Monday, May 10, 2004

Zogby: Election Kerry's to Lose

John Zogby has written a column stating that the Presidential election is John Kerry's to lose. Zogby proved to be one of least accurate pollsters in the election of 2002, and when you delve into his reasoning for this recent assertion, there seem to be obvious weakpoints in his argument. He gives four reasons on which he based his opinion, and it is the third that seems to overlook important data and misstate other information:

Third, the economy is still the top issue for voters - 30% cite it. While the war in Iraq had been only noted by 11% as the top issue in March, it jumped to 20% in our April poll as a result of bad war news dominating the news agenda. The third issue is the war on terrorism. Among those who cited the economy, Kerry leads the President 54% to 35%. Among those citing the war in Iraq, Kerry's lead is 57% to 36%. This, of course, is balanced by the 64% to 30% margin that the President holds over Kerry on fighting the war on terrorism. These top issues are not likely to go away. And arguably, there is greater and growing intensity on the part of those who oppose and want to defeat Bush.

The President's problem is further compounded by the fact that he is now at the mercy of situations that are out of his control. While the economy is improving, voters historically do not look at indicators that measure trillions and billions of dollars. Instead, their focus is on hundreds and thousands of dollars. In this regard, there is less concern for increases in productivity and gross domestic product and more regard for growth in jobs and maintaining of health benefits. Just 12 years ago, the economy had begun its turnaround in the fourth quarter of 1991 and was in full recovery by spring 1992 - yet voters gave the President's father only 38% of the vote because it was all about "the economy, stupid."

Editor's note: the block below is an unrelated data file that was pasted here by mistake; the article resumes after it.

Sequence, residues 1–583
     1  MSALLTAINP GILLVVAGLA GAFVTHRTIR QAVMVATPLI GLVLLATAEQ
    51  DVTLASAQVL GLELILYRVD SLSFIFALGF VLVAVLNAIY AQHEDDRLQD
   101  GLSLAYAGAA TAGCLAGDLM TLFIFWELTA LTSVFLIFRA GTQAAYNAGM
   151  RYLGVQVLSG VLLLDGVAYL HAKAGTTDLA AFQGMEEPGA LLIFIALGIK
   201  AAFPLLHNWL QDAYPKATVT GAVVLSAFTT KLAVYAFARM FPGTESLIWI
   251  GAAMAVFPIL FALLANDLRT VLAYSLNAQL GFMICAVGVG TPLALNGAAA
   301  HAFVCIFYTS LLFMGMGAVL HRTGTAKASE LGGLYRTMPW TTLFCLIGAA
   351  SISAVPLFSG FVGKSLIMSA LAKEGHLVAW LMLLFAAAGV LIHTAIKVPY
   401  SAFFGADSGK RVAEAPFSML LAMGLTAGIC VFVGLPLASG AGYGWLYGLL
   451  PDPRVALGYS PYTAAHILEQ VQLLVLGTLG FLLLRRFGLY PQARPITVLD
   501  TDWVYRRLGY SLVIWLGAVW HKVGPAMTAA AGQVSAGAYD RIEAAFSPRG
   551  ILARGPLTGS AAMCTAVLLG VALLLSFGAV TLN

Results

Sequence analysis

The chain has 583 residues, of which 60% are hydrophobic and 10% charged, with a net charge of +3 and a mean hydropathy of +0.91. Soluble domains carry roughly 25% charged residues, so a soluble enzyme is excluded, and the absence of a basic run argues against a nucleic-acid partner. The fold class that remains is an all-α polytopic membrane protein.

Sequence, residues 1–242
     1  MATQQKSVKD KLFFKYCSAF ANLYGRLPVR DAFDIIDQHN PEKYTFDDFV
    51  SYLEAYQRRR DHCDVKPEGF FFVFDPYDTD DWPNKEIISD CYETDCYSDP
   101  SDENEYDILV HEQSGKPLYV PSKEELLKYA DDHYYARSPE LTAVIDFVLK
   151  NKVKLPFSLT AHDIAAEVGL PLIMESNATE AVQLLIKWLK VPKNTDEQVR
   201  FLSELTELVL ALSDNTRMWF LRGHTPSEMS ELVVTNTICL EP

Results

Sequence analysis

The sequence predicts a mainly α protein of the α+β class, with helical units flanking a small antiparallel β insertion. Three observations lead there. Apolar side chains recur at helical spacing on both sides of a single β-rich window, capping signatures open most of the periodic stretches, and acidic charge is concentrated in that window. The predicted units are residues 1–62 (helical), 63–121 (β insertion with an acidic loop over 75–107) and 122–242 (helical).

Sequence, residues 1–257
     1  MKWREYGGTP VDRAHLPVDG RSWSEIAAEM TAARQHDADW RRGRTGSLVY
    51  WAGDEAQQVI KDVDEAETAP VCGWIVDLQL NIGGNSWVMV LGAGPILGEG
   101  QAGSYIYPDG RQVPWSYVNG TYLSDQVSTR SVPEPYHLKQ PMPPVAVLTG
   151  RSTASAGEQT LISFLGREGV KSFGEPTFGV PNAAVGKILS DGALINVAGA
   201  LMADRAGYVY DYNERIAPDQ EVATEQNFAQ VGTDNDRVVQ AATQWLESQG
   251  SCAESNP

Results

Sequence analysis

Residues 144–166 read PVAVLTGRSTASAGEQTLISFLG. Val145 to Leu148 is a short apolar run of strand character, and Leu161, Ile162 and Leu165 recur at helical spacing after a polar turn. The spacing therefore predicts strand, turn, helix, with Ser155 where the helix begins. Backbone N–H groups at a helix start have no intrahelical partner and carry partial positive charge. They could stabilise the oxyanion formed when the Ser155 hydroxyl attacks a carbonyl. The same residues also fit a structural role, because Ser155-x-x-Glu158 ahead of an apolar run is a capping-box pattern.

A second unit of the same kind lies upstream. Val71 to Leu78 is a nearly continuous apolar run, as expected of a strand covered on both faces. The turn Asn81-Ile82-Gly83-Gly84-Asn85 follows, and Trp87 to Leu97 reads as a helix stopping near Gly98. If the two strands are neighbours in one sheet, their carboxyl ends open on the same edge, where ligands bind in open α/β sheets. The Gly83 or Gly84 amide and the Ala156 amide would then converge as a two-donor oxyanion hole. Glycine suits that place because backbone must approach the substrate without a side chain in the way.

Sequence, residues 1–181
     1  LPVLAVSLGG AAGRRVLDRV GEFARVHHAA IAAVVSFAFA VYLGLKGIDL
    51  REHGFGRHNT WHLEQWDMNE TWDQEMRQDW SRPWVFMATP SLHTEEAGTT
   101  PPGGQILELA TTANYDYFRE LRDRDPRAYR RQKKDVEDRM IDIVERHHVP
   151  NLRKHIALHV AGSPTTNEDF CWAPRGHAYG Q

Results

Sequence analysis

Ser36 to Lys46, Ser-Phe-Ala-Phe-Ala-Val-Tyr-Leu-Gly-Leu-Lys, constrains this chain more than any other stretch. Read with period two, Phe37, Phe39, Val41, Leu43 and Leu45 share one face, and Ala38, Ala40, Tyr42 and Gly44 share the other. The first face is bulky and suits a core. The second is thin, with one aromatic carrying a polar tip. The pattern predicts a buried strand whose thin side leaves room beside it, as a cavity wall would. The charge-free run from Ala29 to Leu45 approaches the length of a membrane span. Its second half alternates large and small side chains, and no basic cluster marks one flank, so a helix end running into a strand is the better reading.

The same holds true for Iraq. Will the United States actually be able to leave by June 30? Will Iraq be better off by then? Will the US be able to transfer power to a legitimate and unifying authority? Will the lives lost by the US and its allies be judged as the worth the final product? It is difficult to see how the President grabs control of this situation.

First, his information on the number of people that prefer Kerry over Bush on the war in Iraq contradicts other polls that have had the two men much closer on this issue. He also states that voters historically do not look at productivity and GDP as closely as they look at job growth, implying that Bush will be hurt by the economy. What he fails to state is that the economy has produced close to 900,000 new jobs since January including 288,000 jobs last month. This trend is likely to continue through the year as the economy continues to expand. The example regarding President Bush's father and the economy is not an apples to apples comparison, as although the economy had started to turn around just before the election, it did not do so in time for tangible benefits (like 900,000 jobs) to have an effect on the public.

In discussing Iraq in the next paragraph, it is striking that he asks as a rhetorical question "Will the US actually be able to leave by June 30?". The answer is no, because we have no intention of leaving, and in fact have announced the intention of keeping 135,000 troops in Iraq through 2005. This seems to show a fundamental lack of understanding of the process taking place in Iraq, with which it would make it difficult to produce an accurate poll. He concludes the paragraph by stating, "It is difficult to see how the President grabs control of this situation". This of course implies that the situation is out of control. While the prisoner abuse has used to make the entire war seem out of control, this statement reveals as much of Zogby's opinion of the war as it does those he polled.

The entire article is worth reading because no matter the quality of Zogby's data, it should serve to remind all those who wish to see President Bush elected that it is going to be a difficult fight that will require focus and determination from now through the election.

Zogby Opinion